Throughout its history, the global oil industry has always been under the domination of a few American and European transnational corporations that dictate the price of oil. These TNCs have remained in control despite the nationalization of oil supplies, the rise of national oil companies (NOCs), and the establishment of the Organization of Petroleum Exporting Countries (OPEC). They have maintained such control and domination because even though the NOCs hold the largest oil reserves, the TNCs still have the stronger financial muscle and access to capital, the more advanced technological capacity and know-how, and the much wider and more sophisticated infrastructure and network worldwide. In fact, the NOCs are still compelled to partner with the TNCs for their crude oil to be refined and reach the market. To illustrate, Saudi Aramco, the world’s largest NOC and owns the biggest oil reserves at 259.4 billion barrels, have refining and marketing deals with ExxonMobil, the world’s largest oil TNC. State-owned PetroChina also has partnerships with British Petroleum, Total, and Shell. The units and partners of these giant TNCs are also the dominant oil players in the Philippines.
Consequently, removing state regulation on the downstream oil industry actually further strengthened these local units of the oil TNCs. Deregulation gave them more freedom to arbitrarily impose their artificially high global monopoly price on the hapless domestic market. The Philippines is especially vulnerable because while we have one of the most oil intensive economies in the Asia, we are also one of the most import-dependent for petroleum.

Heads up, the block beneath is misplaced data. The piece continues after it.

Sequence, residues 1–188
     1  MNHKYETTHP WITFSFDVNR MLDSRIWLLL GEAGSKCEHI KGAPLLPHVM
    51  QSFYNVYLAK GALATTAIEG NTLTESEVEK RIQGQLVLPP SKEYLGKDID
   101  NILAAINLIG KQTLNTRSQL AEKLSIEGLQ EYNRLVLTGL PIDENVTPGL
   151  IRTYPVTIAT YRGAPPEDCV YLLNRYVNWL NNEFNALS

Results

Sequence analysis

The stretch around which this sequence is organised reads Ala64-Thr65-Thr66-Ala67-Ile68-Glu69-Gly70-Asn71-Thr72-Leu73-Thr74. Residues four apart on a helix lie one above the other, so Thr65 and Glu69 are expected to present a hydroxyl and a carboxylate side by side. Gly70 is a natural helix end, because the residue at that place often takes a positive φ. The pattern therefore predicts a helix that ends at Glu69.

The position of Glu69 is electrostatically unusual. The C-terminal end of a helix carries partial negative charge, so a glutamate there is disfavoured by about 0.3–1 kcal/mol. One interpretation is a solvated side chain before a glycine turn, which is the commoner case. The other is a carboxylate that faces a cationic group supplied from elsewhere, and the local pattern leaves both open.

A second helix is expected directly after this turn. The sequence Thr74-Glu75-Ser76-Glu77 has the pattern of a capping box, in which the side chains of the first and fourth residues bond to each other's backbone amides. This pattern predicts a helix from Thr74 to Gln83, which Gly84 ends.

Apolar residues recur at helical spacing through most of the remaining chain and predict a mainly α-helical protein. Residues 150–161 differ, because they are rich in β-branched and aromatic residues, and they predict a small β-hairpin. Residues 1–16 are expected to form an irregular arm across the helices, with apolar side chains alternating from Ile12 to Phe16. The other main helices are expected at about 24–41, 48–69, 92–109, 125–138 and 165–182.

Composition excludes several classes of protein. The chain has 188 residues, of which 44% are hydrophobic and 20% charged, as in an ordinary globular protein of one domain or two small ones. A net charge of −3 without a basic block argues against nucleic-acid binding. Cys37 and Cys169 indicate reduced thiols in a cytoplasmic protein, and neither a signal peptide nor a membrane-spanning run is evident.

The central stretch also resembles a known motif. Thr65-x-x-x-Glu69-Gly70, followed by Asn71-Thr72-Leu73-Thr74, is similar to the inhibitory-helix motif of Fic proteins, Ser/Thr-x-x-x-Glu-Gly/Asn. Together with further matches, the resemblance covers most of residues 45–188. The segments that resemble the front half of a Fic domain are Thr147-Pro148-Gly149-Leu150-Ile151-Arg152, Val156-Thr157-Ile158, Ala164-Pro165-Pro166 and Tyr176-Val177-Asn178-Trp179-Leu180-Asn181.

Continuing monopoly control
From the onset, such global control and domination by American and European TNCs have been felt in the Philippine oil industry. As early as the 1800s, the US was already exporting petroleum products to the country. In the early 1900s, American oil giants Esso, Mobil, Texaco, and Chevron (Esso and Mobil are today’s ExxonMobil while Texaco is now part of Chevron) as well as the British/Dutch Shell had set up facilities in the Philippines. These foreign companies built the first oil station and depot in 1914 and the first oil refinery in 1951. There were attempts by some Filipino firms to build oil facilities in the late 1950s and 1960s. But these efforts fizzled out due to lack of access to technology and crude oil, which the TNCs control. Aside from the downstream, foreign companies also dominated the upstream oil industry. The first recorded domestic oil exploration was in 1896 by an American company while the first commercial oil field was developed by an Australian firm in 1977.